byville or at Columbia or Pulaski; or, still farther in advance, at Huntsville or Decatur. These points are of more or less importance in consequence of the routes they command, and some of them are on streams-Duck River and Elk River-which in high water would have some strength as defensive lines; though in the dry seasons they are fordable at many points. Fayetteville is also important, as affording by the branch railroad from Decherd a good depot for operations against any position south of it on your line.
I do not think it necessary to do more than suggest these general features to you. You will understand well how to take advantage of them or guard against them, according to circumstances.
Move one of your brigades, with a battery and the principal part of your cavalry, at once to Shelbyville, to which point it is desirable to complete your railroad transportation. As soon as the bridges you are at work on are so far advanced that you can leave them, carry forward the principal part of your division to that point, and throw a brigade and strong force of cavalry forward to Fayetteville. From this position the railroad at or beyond Decherd must be carefully watched, and so must all the routes in front of you. Endeavor, in connection with these movements, to secure some of the stock on the roads north of Decherd by a rapid movement of cavalry through Manchester to that point. Inform yourself by all possible means of the position, movements, and strength of the enemy.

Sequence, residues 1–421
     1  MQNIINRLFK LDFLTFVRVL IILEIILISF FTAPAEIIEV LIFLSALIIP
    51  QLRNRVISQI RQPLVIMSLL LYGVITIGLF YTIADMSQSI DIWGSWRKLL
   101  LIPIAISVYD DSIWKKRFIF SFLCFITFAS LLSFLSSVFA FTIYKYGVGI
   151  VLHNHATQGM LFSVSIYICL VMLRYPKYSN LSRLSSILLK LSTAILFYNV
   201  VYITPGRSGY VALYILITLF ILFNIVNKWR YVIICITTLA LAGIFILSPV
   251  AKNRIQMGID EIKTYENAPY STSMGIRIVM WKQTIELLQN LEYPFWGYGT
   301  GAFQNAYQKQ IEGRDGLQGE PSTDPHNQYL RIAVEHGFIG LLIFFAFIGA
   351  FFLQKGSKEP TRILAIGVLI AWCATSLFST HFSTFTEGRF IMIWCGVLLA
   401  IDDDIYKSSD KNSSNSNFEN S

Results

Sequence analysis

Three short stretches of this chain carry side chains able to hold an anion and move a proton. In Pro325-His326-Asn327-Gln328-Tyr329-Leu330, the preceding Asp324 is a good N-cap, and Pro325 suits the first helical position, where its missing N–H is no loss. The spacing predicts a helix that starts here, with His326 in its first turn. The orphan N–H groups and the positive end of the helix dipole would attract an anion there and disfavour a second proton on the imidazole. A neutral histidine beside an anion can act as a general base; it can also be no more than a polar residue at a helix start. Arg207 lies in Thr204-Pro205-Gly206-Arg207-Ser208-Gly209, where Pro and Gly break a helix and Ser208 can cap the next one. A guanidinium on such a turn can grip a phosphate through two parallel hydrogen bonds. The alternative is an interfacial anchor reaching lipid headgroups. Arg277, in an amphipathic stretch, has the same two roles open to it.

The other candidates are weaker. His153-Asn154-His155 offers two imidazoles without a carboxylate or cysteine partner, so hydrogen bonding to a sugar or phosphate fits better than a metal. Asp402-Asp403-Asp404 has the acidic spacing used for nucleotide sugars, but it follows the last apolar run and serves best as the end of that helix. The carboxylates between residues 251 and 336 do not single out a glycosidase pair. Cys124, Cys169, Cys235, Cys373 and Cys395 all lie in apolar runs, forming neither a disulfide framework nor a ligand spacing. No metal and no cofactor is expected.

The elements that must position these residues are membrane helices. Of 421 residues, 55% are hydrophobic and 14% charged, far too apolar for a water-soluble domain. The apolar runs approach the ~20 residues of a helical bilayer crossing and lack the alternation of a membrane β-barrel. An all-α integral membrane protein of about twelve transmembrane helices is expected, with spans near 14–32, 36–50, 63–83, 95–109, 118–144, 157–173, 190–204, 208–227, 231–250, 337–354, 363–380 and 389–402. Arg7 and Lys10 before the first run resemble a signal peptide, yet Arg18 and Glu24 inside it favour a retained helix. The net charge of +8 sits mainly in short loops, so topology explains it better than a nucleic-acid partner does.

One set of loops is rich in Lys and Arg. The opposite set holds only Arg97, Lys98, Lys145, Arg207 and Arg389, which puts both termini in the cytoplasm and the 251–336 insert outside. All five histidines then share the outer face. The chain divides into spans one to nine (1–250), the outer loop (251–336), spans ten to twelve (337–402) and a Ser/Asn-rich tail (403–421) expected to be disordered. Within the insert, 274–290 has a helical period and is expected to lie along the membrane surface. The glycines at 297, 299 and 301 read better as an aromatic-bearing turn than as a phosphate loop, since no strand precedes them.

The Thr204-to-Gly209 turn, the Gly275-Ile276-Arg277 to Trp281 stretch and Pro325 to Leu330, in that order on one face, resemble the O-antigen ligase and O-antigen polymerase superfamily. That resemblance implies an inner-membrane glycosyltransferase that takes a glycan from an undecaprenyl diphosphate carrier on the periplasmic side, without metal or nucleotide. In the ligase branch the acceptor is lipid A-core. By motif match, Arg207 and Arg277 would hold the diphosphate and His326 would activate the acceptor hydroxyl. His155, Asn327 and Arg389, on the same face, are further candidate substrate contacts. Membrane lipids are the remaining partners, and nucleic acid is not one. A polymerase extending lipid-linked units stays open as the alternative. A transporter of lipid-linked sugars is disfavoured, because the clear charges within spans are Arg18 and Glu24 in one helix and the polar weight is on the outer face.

Preserve thorough discipline and instruction in your command and keep it in readiness at all times for any service. Purchase your supplies in the country as far as possible.
Very respectfully, your obedient servant,
D. C. BUELL,
WASHINGTON, March 28, 1862.
U. S. Arsenal, Pittsburgh:
General Halleck desires that the 323-pounders and the 10-inch shell guns be not shipped down the river. You will therefore not ship them, but will forward the other large guns.
EDWIN M. STANTON.
HEADQUARTERS DEPARTMENT OF THE MISSISSIPPI,
Saint Louis, March 28, 1862.
The columbiads and rifled guns, with carriages and ammunition, now at Fort Donelson, will be immediately removed to Columbus, and mounted in position best for iron-clad gunboats; also heavy guns, if any, to be removed to same place. Several columbiads and rifled guns are on the way from Pittsburg to Cairo. They will be sent to Columbus and mounted. Colonel Callender is preparating carriages for them. This must be done without delay. The quartermaster will afford all facilities.
H. W. HALLECK,